The history and importance of Section 7 (1) of RBI Act (1934)

Lot of talk in media about Section 7(1) of RBI Act 1934. As per media reports, Government has invoked this section to give certain orders to the central bank. See this by Ira Dugal.

Section 7 of RBI Act states:

1) The Central Government may from time to time give such directions to the Bank as it may, after consultation with the Governor of the Bank, consider
necessary in the public interest.

(2) Subject to any such directions, the general superintendence and direction of the affairs and business of the Bank shall be entrusted to a Central Board of
Directors which may exercise all powers and do all acts and things which may be exercised or done by the Bank.

(3) Save as otherwise provided in regulations made by the Central Board, the Governor and in his absence the Deputy Governor nominated by him in this
behalf, shall also have powers of general superintendence and direction of the affairs and the business of the Bank, and may exercise all powers and do all acts
and things which may be exercised or done by the Bank.]

I  had blogged about the history of Section 7(1) in an earlier post. Reblogging it:

RBI started as a shareholder bank with Board nomination coming from both Government and shareholders. However, while working towards RBI’s nationalisation the shareholder angle did not matter anymore. A Bill was prepared to amend RBI Act.

In the  bill, on one of the points RBI Governor suggested that in case of differences between the two, the government should take responsibility for their action. However, Finance Ministry refused this and added what is now seen as Section 7 (1). From RBI’s First History Volume:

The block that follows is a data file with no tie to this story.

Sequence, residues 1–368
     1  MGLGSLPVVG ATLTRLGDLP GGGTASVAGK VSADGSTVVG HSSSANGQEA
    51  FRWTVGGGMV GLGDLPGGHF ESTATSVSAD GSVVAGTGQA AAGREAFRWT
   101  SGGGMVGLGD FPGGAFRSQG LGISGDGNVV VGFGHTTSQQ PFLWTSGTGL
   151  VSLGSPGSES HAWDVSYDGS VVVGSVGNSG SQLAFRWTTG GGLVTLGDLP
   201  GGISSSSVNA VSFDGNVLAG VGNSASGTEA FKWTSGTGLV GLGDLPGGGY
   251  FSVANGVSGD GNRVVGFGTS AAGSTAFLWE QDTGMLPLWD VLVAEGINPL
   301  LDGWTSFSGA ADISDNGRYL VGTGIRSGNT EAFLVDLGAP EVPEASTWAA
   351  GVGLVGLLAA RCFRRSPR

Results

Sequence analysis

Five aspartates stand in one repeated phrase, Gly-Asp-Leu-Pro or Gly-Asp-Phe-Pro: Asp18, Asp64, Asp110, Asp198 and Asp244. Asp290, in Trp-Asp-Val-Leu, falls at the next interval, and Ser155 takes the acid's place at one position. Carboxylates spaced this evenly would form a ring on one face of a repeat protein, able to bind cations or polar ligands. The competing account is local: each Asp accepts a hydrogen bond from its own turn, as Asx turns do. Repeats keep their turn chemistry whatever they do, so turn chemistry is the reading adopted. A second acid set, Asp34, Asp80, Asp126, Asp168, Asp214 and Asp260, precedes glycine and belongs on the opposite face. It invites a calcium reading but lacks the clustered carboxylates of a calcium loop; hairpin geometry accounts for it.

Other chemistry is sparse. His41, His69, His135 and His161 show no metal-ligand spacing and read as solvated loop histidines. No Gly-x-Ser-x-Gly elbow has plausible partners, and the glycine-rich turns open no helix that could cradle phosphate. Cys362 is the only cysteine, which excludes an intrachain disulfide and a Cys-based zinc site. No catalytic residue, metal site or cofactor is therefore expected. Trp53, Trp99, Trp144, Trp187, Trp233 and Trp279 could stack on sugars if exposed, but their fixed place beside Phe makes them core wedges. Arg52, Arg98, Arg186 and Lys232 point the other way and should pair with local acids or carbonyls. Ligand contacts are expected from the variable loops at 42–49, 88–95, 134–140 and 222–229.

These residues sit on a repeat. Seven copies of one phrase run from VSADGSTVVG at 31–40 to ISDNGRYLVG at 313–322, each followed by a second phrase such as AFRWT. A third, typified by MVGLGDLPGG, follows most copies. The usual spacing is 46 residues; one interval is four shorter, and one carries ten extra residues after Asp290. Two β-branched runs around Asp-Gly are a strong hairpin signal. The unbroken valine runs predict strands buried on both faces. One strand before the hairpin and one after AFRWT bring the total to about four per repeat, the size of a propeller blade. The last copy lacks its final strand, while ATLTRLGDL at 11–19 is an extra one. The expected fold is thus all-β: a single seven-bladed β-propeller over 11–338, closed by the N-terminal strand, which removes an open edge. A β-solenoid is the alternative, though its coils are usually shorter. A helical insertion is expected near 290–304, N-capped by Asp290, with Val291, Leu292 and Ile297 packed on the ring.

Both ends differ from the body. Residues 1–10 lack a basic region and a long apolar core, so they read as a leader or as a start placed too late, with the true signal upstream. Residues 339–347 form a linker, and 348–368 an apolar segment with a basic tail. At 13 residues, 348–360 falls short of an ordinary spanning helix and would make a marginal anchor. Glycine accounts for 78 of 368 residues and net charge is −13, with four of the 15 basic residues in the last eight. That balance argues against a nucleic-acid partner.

The clause relating to the giving of directions by the Central Government to the Bank was drafted by the Bank by combining the provisions of Section 4(1) of the Bank of England Act, 1946 and Section g of the Commonwealth Bank of Australia Act, 1945. The Governor considered it desirable to make it clear in the Act itself that when Government decided to act against the advice of the Governor, they took the responsibility for the action they wished to force on the Bank, although it was hoped that ‘occasions for the exercise of such powers will be few’.

The Finance Minister considered that the proviso as drafted by the Bank was not necessary and that it would suffice if a provision was made on the lines of Section 4 of the Bank of England Act; the relevant sub-section read as:
4(1) The Treasury may from time to time give such directions to the Bank as, after consultation with the Governor of the Bank, they think necessary in the public interest. 

The clause thus provided for prior consultation with the Governor before issue of directives by the Treasury, but was silent as to the devolvement of responsibility, in the case of difference of opinion between the Treasury and the Bank. The prior consultation with the Governor would ensure that Government got the benefit of the Governor’s views on matters of importance to the country. The clause was redrafted accordingly.

Later, the second volume summed this:

While these provisions, other than those relating to the nomination of Central and Local Board members, have been in the statute book since the original Act was passed, section 7(1) of the Bank Act was amended at the time of nationalization in 1949 along the lines of section 4 of the Bank of England Act, to empower the central government to give ‘from time to time … such directions to the Bank as it may, after consultation with the Governor of the Bank, consider necessary in the public interest’. The Bank sought a more elaborate provision requiring  the government to formally ‘accept responsibility’ for the action resulting from its directions, but yielded to the latter’s preference for the English precedent.

How Governments use legal ways to ensure final powers remain with them.

 

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